Farmers are good with time, and every aspect of Daftmill production is steeped in patience. Francis ferments his mash for double the hours of industry standard, to capture the fullest bouquet of delicate, fruity esters produced when the bacteria in the barley have fully feasted on the yeast cells. While some distilleries fast-forward the oak-aging process through artificial temperature manipulation — as temps rise and fall, wood expands and contracts, imparting those caramel and vanilla tones into whisky — Francis slows down the process. “These are thick walls, with very slow temperature fluctuations,” he said, patting the exterior stonework of the Daftmill barrel house. “It takes many months to warm up, and come October, it takes months to cool down. It’s the same [process] but much gentler.”
What doesn’t come naturally to Francis: the marketing grease and promotional bombast borderline-required in today’s competitive whisky industry — even in Britain, where the cultural DNA discourages look-at-me behavior. Francis’s factory settings are pretense-suspicious, bullshit-allergic, and chronically self-deprecating. “We are not highly talented, so we just thought, We’ll just make the whisky as good as we can, and that’ll make it much easier to sell.”
Which proved to be a better strategy than any trinket or campaign. Daftmill bottled and released 629 units of its inaugural 2005 Scotch in 2018, earning 91 points from Whisky Advocate, which waxed poetic about its “soft and floral [nose], with peaches, walnuts, coconut, warm caramel and milk chocolate,” before declaring it, “Well worth the wait!” The average price of that vintage in the secondary market, according to Wine Searcher, is just over $4,300.
We stepped into the cool, enveloping darkness of the barrel house, lined with racks on racks of liquid rested in ex-Heaven’s Hill Bourbon (and a few sherry) casks, some dating to 2007, the distillery’s third-oldest vintage. Francis pointed to the barrel and asked the question I’d been waiting to hear. “Like to try a dram?”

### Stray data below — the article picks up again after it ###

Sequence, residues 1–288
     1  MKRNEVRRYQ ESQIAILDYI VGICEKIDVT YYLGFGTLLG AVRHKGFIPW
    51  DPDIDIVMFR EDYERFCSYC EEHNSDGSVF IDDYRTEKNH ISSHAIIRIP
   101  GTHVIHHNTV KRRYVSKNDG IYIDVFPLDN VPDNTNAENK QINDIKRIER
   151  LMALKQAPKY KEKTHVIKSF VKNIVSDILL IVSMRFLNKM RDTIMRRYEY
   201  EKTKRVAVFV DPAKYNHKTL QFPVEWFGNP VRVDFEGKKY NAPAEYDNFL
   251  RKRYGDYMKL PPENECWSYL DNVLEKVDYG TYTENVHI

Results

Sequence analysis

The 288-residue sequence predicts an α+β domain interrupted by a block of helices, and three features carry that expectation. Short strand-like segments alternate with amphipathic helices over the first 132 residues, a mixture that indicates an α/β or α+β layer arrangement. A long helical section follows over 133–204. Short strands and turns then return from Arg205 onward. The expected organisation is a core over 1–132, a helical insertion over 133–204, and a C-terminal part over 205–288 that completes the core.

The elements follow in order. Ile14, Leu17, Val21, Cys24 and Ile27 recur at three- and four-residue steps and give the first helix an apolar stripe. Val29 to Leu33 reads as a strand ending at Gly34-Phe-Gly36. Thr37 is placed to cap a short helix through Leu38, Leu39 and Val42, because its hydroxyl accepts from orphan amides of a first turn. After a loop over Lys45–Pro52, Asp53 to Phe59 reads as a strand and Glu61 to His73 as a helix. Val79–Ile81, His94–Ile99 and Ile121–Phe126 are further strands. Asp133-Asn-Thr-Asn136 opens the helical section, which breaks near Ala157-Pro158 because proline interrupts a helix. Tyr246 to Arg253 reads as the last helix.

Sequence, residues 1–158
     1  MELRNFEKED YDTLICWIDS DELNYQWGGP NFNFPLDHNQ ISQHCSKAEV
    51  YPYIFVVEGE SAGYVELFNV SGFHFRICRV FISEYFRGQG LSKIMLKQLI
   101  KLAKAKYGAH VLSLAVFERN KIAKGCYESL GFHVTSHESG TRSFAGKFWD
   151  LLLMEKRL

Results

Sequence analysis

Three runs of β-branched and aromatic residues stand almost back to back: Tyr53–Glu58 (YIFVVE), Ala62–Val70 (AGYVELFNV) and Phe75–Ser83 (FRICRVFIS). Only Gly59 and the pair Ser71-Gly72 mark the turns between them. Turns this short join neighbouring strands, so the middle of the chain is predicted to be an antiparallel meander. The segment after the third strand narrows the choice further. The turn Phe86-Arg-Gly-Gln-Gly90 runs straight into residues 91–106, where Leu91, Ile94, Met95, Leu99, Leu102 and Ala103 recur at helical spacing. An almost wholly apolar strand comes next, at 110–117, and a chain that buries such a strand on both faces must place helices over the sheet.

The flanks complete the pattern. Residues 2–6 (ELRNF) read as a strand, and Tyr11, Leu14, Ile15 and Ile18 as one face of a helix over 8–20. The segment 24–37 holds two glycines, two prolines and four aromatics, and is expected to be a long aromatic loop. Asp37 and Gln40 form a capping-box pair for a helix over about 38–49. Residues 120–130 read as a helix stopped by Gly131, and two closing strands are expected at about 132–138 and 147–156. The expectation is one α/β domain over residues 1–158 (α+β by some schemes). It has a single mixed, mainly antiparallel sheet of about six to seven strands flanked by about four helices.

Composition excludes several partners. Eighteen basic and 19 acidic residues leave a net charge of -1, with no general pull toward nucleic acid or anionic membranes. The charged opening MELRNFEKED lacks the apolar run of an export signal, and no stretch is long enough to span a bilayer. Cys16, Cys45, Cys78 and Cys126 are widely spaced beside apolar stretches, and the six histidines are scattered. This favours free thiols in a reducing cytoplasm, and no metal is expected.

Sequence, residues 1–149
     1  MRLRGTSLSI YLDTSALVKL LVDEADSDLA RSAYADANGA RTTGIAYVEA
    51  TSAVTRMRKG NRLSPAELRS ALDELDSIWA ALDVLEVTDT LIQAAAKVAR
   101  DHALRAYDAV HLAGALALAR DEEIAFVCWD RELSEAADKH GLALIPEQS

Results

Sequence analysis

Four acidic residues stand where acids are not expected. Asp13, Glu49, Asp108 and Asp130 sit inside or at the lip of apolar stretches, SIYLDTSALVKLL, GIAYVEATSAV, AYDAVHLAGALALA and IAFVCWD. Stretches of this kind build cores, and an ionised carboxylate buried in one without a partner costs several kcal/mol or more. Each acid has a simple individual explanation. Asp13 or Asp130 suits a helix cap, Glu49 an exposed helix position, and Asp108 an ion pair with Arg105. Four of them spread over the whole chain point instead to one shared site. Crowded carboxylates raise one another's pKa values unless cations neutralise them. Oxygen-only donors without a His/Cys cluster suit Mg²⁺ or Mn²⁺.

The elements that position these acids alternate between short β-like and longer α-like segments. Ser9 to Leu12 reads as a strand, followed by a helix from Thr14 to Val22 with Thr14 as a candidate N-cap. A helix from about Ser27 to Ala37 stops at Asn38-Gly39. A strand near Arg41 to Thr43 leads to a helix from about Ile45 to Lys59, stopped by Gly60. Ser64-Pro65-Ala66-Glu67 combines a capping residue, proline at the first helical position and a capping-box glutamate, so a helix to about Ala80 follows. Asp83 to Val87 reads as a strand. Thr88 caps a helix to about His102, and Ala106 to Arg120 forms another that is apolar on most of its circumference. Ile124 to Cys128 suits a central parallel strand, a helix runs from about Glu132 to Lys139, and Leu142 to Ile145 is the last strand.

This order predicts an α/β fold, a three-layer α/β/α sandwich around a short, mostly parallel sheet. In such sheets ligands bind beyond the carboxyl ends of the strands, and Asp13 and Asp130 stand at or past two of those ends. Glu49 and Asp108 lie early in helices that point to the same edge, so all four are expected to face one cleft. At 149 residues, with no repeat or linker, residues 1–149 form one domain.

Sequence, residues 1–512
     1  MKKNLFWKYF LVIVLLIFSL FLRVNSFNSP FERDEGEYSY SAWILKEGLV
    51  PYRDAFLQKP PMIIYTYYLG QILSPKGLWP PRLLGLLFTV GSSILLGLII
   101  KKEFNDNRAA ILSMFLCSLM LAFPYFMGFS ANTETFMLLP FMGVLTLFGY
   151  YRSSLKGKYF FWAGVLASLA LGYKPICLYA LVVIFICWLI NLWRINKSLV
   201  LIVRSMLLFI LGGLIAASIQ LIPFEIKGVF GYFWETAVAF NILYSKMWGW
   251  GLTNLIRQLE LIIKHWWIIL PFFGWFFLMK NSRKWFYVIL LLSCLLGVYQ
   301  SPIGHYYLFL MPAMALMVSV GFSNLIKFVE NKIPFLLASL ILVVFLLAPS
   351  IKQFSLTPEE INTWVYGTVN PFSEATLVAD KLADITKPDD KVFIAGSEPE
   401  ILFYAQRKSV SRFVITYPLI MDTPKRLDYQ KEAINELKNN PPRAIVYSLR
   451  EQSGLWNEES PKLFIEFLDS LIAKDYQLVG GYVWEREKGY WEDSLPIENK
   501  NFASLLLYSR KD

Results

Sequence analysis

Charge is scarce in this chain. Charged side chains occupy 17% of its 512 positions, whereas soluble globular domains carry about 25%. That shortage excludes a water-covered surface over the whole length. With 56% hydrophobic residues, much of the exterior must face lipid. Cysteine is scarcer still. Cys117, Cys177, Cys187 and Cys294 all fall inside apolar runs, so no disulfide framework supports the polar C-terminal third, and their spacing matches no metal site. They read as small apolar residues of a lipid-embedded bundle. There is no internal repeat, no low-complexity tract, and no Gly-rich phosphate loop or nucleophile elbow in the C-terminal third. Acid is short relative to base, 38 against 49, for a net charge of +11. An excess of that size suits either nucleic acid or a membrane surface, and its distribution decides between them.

Just across the courtyard in his office, Francis plucked the 2007 winter release from a handsome sideboard containing his private stash. The liquids inside formed a shimmering ombre of golds and browns, from sun-bleached straw of the 2007 to the amber root beer of the 2009 single-cask #46. Each white label contains the production and bottling dates in pine-green lettering that matches the wax caps that matches the distillery’s window frames and wooden doors. It’s a recreation of Lowland Green, a legacy shade from Craig & Rose, the oldest paint-maker in the U.K., formerly based in Fife, though that’s not information you’ll find on the Daftmill website or in a press release. Details like this serve a greater story, of preservation and heritage, of place and process, of “just doing what farmers had done 200 years ago, converting something people didn’t want to pay for into something valuable.” Francis is making whisky, sure, but big picture, he’s shown a distillery can thrive in modern times on its natural, ancestral home, the farm.
“I never claim to be making the best whisky,” he said, pouring me a finger of the 2007, its individual tenors of magnolia and mace, vanilla and hay slowly swelling together like a Gregorian chant. If Francis won’t say it, after tasting a few more Daftmill single malts, I can: He’s making the best whisky. “It’s hard to live up to that hype,” he said, waving me off. “If I can put out a decent dram, I’m happy with that.”